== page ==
HINCKLEY — The Maine Academy of Natural Sciences graduated 33 seniors on Aug. 4 at the Moody Chapel on the Kennebec Valley Community College Harold Alfond Campus. MeANS is Maine’s first charter high school, and serves students from throughout Maine.

Twenty eight of the 33 students graduating marched into the chapel at 6 p.m. to take their seats as the school’s Principal Tonya Arnold welcomed everyone to the school’s sixth graduation. She pointed out that this was the largest graduating class the school has ever had and one of the largest in the entire 130-year history of Good Will-Hinckley, according to a news release from Emanuel Pariser, director of instruction, education program designer at MeANS.

Charlotte Emerson, from Cape Elizabeth, gave the senior speech stressing the impact that the program had on her. Emerson said, “This is a good place. I have seized my opportunity here and I am forever grateful for the teachers who supported me along the way … I never thought an environmental change could have such an incredible effect on me,” according to the release. Emerson stressed the importance of the support she got from her advisor, Mary Littlefield, and added that she would graduate with six college credits from KVCC and has been accepted at the University of Maine in Farmington this fall. As a student who lived on campus, Emerson described life on campus as her “home, and it will forever have a spot in my heart. I look forward to coming back.”

Brenda Poulin, the retiring director of MeANS’ student support center and guest speaker, began with a few words of advice to the graduates saying, “You have done it. You have fulfilled every learning standard that the department of education states you need to receive a diploma. But, you have also done so much more. You now understand what it truly means to belong to a community. When our community hurt, you helped heal it. When a classmate or staff member suffered a tragic event, you were there to support them. You represented our school positively in front of politicians, professors, farmers, business owners and many other community members. Thank you!” said Poulin, according to the release. She told the students that they had become proficient in the school’s three core values — respect, responsibility and community, and that these values would hold them in good stead in the years to come.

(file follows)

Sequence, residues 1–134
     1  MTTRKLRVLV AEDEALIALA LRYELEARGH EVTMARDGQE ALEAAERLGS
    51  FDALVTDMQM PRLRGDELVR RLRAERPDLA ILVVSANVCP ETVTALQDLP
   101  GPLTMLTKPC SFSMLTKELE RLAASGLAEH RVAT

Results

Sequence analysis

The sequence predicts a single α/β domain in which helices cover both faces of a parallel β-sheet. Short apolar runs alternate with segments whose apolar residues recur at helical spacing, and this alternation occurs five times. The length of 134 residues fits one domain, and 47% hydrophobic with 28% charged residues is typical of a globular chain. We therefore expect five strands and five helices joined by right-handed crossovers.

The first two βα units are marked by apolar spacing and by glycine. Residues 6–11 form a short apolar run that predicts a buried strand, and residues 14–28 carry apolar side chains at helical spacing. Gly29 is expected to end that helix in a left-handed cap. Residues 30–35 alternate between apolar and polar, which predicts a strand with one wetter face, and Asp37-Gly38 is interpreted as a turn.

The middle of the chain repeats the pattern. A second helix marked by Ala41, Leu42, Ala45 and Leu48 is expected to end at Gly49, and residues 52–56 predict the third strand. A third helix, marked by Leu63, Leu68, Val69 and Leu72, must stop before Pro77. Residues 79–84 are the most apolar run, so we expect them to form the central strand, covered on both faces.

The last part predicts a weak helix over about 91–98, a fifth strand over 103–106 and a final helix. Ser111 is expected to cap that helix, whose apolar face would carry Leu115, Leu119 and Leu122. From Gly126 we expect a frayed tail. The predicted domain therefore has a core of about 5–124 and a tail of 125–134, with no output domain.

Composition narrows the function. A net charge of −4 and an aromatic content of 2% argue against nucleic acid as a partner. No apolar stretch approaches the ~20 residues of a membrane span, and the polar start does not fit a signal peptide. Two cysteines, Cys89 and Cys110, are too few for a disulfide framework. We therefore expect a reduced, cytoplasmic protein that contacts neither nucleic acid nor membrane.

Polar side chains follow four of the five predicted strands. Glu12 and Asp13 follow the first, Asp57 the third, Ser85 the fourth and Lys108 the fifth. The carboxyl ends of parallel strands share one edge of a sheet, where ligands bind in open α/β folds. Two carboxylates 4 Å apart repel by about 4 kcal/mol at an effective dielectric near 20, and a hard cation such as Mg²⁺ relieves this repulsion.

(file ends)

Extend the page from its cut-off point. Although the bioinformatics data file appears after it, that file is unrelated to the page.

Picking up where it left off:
Arnold then gave out awards to students for their modeling of the school’s core values. Hannes Moll, of Windsor, received the respect award; the responsibility award was granted to Leanna Laws, of Winslow; Alexandra Karter, of Winslow, received the community award. Arnold also gave out the newly established Brenda Poulin Resiliency Award to Griffin Patchell, of Solon, Kayleb Shaw, of Hartland, and Jasmine Martins, of Waterville.

Scholarship awards to KVCC were given to Robbie Ellis, of Waterville, Leanna Laws, of Winslow, Hailee Buzzell, of Canaan, Meaghan Brown, of Hartland, and Starla Fox-Lonsdale, of Searsport. Laws also received the George J. Mitchell Scholarship Award. Emerson received the University of Maine Academic Scholarship award.

John Willey, Good Will-Hinckley class of 1952, of Waterville, witnessed the graduation and commented, “I’m convinced that GWH and MeANS are a modern-day extension of the principles followed by Dr. Hinckley when he founded the school in 1887,” according to the release. “Last Friday’s ceremony was far more cheerful than the one that delivered my diploma. Many of the kids hugged their teachers and principal. … I would have hugged one of my own in 1952, but that was not ‘done’ in those years.”

For the last two years, Willey, a master woodworker, has been mentoring 2017 MeANS graduate Hannes Moll, of Windsor, in woodworking.

The ceremony ended with Arnold urging the graduates to, “Be safe this summer and give those who have supported you as many extra hugs and kind words of thanks as possible,” according to the release.

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